Standing upright, I faced the coyote and said, "Consider this your Christmas dinner." Turning to my left, I walked away. At about 50 feet, I stole a look over my shoulder, the coyote was standing now, looking speculatively from me to the offering. I kept walking until I figured to be about 50 yards away. Because of the tamerisk, I barely recognized the spot from where I had tossed the donie and could just make out the poor fellow gobbling his holiday meal. I smiled to myself, hoping inwardly that I had not adversely effected nature's harmonious balance. Happy Holidays to you, yours, and to all God's creatures.

With Warm Regards,
Barry, Steve and the Team.

Copyright 2008 Twin Rocks Trading Post

Wednesday, December 3, 2008

Hozho; Finding Balance

Not long ago, the Brigham Young University Museum of Art mounted an exhibit of Navajo basketry woven by the Douglas Mesa weavers. In conjunction with the display, the concept of hozho was highlighted. According to the information accompanying the weavings, hozho is an ideal which, “encompasses beauty, order, harmony, and expresses the idea of striving for balance” in one’s everyday life. Looking for further clarification, I recently consulted The Navajo Language; A Grammar and Colloquial Dictionary, which defines hozho as, “becoming peaceful, harmonious.”

Navajo Basket Weaver Mary Holiday Black
Navajo Basket Weaver Mary Holiday Black

Having gone through many phases in my life, I have finally come to the conclusion that hozho is an idea that deserves a larger role in my day-to-day activities. Unfortunately, this realization did not came quickly or easily. Although Barry has been discoursing on this subject for years, until lately I had not paid sufficient attention.

A few months ago, Jana came home with a copy of Amy Irvine’s latest book, Trespass: Living at the Edge of the Promised Land. I had been told that Ms. Irvine’s autobiography described her struggle to find balance in this rugged red rock desert populated with equally rugged individuals. Since the story is based on contemporary events, involves many characters I know from my youth and reportedly had a connection with my recent commitment to introduce hozho more prominently into my life, I was extremely interested in the narrative.

The memoir describes the author’s attempt to establish herself in the small southeastern Utah town of Monticello; a community where my ties run strong and deep. I had hoped to find some insight that might help me address numerous environmental, cultural, political and religious questions that have confounded me over the years. Despite what I had been led to believe, I did not discover much balance in the writer’s description of the people of southeastern Utah. Neither did I find a way to begin addressing any of the issues that have been pressing in on me for some time. The book did, however, lead me to look more profoundly into hozho.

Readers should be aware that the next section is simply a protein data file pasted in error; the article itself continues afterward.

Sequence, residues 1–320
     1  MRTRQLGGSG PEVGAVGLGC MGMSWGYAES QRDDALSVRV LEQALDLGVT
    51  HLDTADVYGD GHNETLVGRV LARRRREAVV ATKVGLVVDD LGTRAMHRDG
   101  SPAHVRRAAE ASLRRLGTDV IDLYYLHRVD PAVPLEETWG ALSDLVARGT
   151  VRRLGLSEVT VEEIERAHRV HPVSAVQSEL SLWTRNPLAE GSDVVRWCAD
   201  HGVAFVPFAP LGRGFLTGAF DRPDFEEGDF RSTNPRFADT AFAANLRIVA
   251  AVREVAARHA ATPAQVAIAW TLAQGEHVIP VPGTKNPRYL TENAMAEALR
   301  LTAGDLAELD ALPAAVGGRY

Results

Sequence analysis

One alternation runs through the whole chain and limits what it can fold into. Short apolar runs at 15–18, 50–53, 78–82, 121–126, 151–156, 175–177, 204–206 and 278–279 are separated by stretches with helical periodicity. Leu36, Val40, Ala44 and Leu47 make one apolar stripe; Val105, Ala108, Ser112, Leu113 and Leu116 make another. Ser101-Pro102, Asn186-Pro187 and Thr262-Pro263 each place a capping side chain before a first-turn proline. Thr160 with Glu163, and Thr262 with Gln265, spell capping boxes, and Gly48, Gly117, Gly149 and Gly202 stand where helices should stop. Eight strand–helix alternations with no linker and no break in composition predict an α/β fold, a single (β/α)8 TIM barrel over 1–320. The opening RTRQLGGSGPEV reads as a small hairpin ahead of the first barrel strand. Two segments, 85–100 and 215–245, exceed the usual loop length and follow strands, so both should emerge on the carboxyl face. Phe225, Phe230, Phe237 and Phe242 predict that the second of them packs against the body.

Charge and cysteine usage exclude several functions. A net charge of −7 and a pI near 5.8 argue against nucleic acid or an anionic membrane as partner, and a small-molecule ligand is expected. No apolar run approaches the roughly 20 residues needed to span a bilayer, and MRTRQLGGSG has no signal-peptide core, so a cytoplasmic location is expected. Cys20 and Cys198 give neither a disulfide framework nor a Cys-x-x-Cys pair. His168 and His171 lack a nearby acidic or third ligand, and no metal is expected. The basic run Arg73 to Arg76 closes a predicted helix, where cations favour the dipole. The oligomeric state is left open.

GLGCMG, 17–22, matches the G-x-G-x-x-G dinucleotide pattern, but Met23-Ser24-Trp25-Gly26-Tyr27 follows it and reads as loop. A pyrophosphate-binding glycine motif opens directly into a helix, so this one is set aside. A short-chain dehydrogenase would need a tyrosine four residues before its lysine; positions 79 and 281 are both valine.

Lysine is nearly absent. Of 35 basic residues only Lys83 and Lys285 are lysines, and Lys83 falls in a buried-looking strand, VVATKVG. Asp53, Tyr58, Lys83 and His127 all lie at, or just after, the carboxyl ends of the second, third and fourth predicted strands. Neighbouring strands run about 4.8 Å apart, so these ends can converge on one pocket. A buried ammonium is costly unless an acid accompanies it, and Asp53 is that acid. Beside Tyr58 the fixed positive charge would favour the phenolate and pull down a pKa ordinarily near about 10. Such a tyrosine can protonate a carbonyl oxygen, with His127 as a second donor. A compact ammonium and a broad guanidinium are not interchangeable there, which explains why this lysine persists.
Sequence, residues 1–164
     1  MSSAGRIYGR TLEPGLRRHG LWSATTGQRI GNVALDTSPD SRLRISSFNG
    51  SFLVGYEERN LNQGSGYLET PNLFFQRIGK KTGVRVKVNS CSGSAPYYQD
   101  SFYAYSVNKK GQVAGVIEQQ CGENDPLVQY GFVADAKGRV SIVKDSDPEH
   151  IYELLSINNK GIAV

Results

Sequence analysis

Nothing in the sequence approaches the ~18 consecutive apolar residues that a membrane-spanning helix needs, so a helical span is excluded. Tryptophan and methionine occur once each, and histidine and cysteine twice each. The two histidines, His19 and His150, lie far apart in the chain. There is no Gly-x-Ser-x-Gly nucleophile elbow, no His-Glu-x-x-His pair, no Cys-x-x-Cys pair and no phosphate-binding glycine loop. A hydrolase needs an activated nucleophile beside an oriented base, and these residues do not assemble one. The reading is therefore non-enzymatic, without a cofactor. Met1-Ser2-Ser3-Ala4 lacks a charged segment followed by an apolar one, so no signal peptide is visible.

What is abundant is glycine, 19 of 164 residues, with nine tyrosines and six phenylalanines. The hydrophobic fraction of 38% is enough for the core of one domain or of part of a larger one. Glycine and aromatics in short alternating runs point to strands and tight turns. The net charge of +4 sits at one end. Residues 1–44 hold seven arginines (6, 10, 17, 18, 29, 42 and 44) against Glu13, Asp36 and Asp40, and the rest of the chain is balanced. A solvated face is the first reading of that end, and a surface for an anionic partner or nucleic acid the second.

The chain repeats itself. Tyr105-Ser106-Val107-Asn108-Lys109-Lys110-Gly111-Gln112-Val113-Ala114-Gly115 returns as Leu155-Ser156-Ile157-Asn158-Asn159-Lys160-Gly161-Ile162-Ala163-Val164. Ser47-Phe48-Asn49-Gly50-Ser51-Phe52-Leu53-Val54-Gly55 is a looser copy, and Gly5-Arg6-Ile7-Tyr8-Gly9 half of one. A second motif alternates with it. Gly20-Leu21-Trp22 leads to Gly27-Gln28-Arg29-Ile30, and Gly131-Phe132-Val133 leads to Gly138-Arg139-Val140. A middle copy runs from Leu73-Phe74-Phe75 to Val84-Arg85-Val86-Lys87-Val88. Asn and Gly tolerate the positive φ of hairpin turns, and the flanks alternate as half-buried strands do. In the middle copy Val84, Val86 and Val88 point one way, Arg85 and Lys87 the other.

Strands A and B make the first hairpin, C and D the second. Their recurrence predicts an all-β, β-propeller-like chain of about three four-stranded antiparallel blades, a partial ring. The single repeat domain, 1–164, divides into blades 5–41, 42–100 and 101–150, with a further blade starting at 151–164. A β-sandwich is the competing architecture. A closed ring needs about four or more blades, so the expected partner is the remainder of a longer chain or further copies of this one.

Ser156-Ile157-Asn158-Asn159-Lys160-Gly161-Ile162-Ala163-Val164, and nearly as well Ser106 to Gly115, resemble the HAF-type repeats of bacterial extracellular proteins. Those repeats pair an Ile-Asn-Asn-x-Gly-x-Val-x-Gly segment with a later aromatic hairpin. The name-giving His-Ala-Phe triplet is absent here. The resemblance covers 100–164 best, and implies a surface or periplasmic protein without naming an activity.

Having finished what for me was a divisive manuscript, I better understood the ideal that there cannot be real, long-term progress without compromise; not the kind that involves caving in and abandoning your principles, but the type that requires finding a middle road that all parties can safely, if not fully comfortably, travel.

Although I know it is all too common, as a young man, I could see the world only as black or white, right or wrong. As I have grown older, however, I have more and more trouble distinguishing between the two extremes. I often find myself trying to justify both sides of the argument, searching for common ground.

Navajo Hozho Basket by Peggy Black
Navajo Hozho Basket by Peggy Black

Those who know my background, contend my formal training is the reason I see the world as polychrome. I, however, believe it is Twin Rocks that has caused the philosophical shift. The trading post has taught me that the polar extremes are inconvenient and uncomfortable places to reside, and that the, “It’s my way or the highway” philosophy only leads to additional conflict.

For many of our artists, crisis is a way of life. Consequently, things at Twin Rocks are in a constant state of flux. So, it seems that flexibility; a focus on compromise, balance, peace and harmony, hozho, are inherent in the trading post model. Living the trading post life often requires an earnest attempt to understand the maker’s needs when negotiating the value of a Navajo rug, patience when settling the selling price for a turquoise bracelet and empathy when determining just how much to help an artist out of a difficult situation when it threatens to upset the delicate state of our own circumstances.

In attempting to comprehend both sides of the issues, I am often reminded of the Lone Ranger and his trusty sidekick Tonto, who one evening were lying in their bedrolls not far from the fading fire, staring into the night sky. After a while Tonto asked his friend, “Kimosabe, what you see?” Taking a long time to consider his response, the Lone Ranger finally said, “I see numerous constellations, the Milky Way and . . ., well . . . eternity. In those stars I see the hand of God, His divine plan and tremendous beauty. What do you see Tonto?” Also carefully considering his reply, Tonto said, “Kimosabe, me see someone stole tent.”

With Warm Regards,
Steve, Barry and the Team.

Copyright 2008 Twin Rocks Trading Post